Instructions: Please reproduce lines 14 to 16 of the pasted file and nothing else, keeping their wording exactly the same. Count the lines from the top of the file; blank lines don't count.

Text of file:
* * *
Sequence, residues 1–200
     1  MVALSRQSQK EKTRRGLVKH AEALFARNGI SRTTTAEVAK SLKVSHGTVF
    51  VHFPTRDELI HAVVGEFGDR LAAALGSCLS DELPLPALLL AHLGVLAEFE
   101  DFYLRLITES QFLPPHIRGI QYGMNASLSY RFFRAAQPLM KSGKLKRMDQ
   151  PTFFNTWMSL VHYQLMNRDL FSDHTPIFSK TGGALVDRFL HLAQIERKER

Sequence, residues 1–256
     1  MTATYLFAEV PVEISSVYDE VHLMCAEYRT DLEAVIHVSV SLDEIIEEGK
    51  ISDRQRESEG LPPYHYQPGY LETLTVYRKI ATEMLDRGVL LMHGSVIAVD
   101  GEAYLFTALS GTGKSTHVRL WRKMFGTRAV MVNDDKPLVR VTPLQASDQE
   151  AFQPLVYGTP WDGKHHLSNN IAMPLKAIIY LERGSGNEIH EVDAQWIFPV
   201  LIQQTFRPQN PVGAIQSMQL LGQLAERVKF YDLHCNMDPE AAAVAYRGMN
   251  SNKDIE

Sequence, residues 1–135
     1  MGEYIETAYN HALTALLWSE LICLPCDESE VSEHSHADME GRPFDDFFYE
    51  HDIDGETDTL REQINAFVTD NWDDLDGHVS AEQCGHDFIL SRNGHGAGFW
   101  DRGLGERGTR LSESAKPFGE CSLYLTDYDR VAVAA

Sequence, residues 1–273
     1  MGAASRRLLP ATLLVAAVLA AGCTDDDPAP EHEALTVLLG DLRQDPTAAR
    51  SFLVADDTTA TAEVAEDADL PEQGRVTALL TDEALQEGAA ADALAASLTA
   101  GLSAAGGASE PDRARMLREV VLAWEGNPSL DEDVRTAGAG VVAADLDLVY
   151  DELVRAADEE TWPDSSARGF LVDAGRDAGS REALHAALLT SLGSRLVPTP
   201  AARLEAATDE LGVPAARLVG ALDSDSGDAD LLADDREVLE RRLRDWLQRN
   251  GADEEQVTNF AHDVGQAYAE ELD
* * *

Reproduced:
     1  MGEYIETAYN HALTALLWSE LICLPCDESE VSEHSHADME GRPFDDFFYE
    51  HDIDGETDTL REQINAFVTD NWDDLDGHVS AEQCGHDFIL SRNGHGAGFW
   101  DRGLGERGTR LSESAKPFGE CSLYLTDYDR VAVAA